Every time I get Juvederm, I develop a little bump, like a bug bite. Is there any way to avoid this?
Why Does Juvederm Leave a Bump After the Injections?
Doctor Answers 26
Avoid Juvederm bumps with good technique.
It is not the Juvederm that causes the bumps, It's how it is being injected. You need a doctor with a good eye and excellent technique.
A slight bump after Juvederm is normal
When dermal fillers are injected the material expands the surrounding tissue. This is normal, and may cause some raising of the skin surface.
Over a few days this subsides to a flatter surface, while maintaining the cosmetic improvements for the life of the filler. The duration of the filling effect will vary with the type, location, and volume of filler used.
It's the filler (the injector), not the filler (the product)
Technique is critical when injecting fillers. The injection of the product should stop about 1 mm before the needle is removed, otherwise product will be injected too superficially as the needle is withdrawn, creating those little bumps.
Any bumps that are present during the injection session should be massaged out before you leave. Fortunately, over the first day or two, the product absorbs some water from under the skin, and the bumps resolve.
Remember, it's the filler, not the filler. Good luck with your next treatment.
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Avoid Juvederm bumps with a good injector!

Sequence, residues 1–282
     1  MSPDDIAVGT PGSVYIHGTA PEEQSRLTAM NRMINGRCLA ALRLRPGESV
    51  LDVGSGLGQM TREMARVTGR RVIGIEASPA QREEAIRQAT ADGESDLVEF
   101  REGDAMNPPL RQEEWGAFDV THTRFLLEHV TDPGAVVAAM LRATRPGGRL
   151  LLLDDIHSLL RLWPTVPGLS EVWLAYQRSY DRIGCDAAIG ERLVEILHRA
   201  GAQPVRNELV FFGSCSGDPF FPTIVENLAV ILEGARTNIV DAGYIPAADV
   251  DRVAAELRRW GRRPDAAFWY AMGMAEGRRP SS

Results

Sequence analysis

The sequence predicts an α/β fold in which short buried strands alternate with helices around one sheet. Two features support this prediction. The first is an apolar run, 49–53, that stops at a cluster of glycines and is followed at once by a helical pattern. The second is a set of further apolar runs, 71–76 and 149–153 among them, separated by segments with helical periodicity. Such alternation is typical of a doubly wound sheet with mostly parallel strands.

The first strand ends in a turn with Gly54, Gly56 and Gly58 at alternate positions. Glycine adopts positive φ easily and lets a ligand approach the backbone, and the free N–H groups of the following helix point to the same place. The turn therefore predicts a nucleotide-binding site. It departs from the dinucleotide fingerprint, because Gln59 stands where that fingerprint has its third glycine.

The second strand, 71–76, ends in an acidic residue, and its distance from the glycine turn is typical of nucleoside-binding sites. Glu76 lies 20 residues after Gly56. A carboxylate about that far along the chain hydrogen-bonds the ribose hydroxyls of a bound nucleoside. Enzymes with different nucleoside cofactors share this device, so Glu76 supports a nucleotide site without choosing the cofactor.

Juvederm Should Not Leave Lumps or Bumps
Injecting filling agents such as Juvederm or Restylane is very much technique- and physician-dependent. In other words, the doctor must know what he or she is doing, and many do not.
When you inject Juvederm, if it is too deep, it is absorbed by underlying tissues and does not specifically fill the wrinkle. But if you inject too superficially or too close to the surface, you can end up with lumps. Generally, these will go away within a week, but for persistent lumps, you may need to undergo additional injections with an enzyme named hyaluronidase to dissolve the filler material.
Choose your injecting doctor carefully. Make sure he or she is board certified in dermatology, plastic and reconstructive surgery, head and neck surgery or oculoplastic surgery.
Avoid Superficial Injections
If you’re concerned about this problem you should consult your physician. Your physician should be able to make an appropriate recommendation.